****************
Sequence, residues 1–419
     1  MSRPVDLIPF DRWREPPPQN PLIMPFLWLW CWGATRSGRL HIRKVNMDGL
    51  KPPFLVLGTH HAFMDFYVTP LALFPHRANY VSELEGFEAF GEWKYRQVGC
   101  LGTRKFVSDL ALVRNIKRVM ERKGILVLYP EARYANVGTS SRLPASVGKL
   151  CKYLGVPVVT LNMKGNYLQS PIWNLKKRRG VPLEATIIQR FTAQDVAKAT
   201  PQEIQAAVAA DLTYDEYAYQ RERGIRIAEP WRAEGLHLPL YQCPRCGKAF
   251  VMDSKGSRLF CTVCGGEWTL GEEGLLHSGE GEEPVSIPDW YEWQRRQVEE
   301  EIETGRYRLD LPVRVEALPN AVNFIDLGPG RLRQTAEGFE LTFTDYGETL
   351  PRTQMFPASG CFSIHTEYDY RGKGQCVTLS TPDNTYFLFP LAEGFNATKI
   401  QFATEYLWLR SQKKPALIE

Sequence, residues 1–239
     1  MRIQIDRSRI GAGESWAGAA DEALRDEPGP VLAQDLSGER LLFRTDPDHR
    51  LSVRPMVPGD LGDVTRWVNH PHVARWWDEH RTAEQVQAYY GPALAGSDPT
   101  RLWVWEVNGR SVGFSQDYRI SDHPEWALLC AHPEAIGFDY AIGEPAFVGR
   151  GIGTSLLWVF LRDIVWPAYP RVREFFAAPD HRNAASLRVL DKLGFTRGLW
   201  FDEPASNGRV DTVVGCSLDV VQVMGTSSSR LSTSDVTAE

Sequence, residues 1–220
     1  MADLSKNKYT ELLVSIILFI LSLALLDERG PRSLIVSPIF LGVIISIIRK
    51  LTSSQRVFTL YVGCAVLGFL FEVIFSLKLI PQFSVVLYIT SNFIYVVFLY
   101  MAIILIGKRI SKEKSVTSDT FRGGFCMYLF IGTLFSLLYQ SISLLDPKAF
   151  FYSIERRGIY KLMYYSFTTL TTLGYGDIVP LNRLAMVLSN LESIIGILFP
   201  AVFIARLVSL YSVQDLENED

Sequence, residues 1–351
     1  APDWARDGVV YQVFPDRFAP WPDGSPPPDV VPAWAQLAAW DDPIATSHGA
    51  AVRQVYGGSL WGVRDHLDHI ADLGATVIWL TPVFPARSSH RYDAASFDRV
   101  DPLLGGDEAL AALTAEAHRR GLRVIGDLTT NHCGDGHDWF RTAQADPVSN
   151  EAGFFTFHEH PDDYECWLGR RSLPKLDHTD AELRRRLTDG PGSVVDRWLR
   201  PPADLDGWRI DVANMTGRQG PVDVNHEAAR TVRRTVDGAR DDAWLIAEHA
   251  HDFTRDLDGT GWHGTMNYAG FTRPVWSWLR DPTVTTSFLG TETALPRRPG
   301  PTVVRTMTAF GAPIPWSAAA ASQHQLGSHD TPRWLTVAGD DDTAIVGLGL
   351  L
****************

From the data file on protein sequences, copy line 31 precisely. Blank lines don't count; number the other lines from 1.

   351  L